Health & Environment

Following Hurricane Harvey, Pollutant Levels In Houston Neighborhood Exceeded Limit For Increased Cancer Risks

Soil samples collected by Texas A&M researchers showed increased exposure to harmful chemicals in the Manchester neighborhood.
By Rae Lynn Mitchell, Texas A&M University School of Public Health March 26, 2021

A resident pulls personal belongings on a kayak as he wades through floodwaters
A Houston resident wades through a flooded road on Sept. 6, 2017.

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Heavy rainfall and flooding during Hurricane Harvey may have increased risks of exposure to harmful chemicals for people living in environmental justice communities, like the Manchester neighborhood near the Houston Ship Channel.

Soil samples from the neighborhood collected in the week after the hurricane made landfall in 2017 showed high concentrations of pollutants linked with poor health outcomes, including cancer, according to a Texas A&M University study.

Researchers from the Department of Environmental and Occupational Health at the Texas A&M School of Public Health gathered the soil samples from 40 locations throughout the Harrisburg Manchester Super Neighborhood. The area already has high baseline levels of polycyclic aromatic hydrocarbons (PAHs), which result from incomplete burning of hydrocarbons like wood and fossil fuels.

Nearly half of the neighborhood was contaminated, researchers found, and nine of the 40 sites where soil samples were taken exceeded the PAH concentration standard for increased cancer risk. Sites closest to the Houston Ship Channel and highway had the highest concentration of PAHs. Distribution of the pollutants may have been controlled in part by flood waters moving through the area.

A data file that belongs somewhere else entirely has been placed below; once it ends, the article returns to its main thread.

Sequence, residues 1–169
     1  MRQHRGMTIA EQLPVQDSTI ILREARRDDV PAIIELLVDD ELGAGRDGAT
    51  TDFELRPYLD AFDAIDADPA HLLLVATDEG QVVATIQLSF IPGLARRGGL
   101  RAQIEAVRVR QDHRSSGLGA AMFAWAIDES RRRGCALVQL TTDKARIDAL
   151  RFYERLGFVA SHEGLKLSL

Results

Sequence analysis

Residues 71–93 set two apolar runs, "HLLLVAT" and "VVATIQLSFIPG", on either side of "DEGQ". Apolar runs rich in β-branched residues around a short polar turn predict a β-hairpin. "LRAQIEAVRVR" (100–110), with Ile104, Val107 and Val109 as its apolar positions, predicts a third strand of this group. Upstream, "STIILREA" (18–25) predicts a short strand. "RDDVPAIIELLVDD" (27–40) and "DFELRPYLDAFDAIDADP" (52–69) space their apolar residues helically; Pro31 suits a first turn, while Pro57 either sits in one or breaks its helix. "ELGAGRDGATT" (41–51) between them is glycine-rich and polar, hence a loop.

The research team was led by Research Assistant Professor Garrett Sansom. Their findings were recently published in the Journal of Health and Pollution.

The Manchester neighborhood is an environmental justice community, which are disproportionately impacted by environmental pollution and inadequately protected from resulting impacts by policies and regulations. The neighborhood is also close to a major interstate highway, a large railyard and several oil refineries.

Previous studies have found the neighborhood has a disproportionately high level of PAH pollution and associated health risks.

PAHs are found in high concentrations near oil refineries, industrial facilities, major highways and transportation hubs like shipyards and railways. PAHs also attach themselves to particles in the area – once they settle, they can be moved around by flood waters.

Researchers note they did not have data on street-level differences in surfaces for their analysis, so it is unclear how much impervious coverage – like streets and sidewalks – contributed to the distribution pattern.

Findings of the study point to the need for a better understanding of how PAHs are dispersed during flood events. More data on baseline pollutant concentrations and improved analysis methods could help researchers, policy makers and community leaders assess and limit the risks faced by people living in environmental justice communities.

This article by Rae Lynn Mitchell originally appeared on Vital Record.

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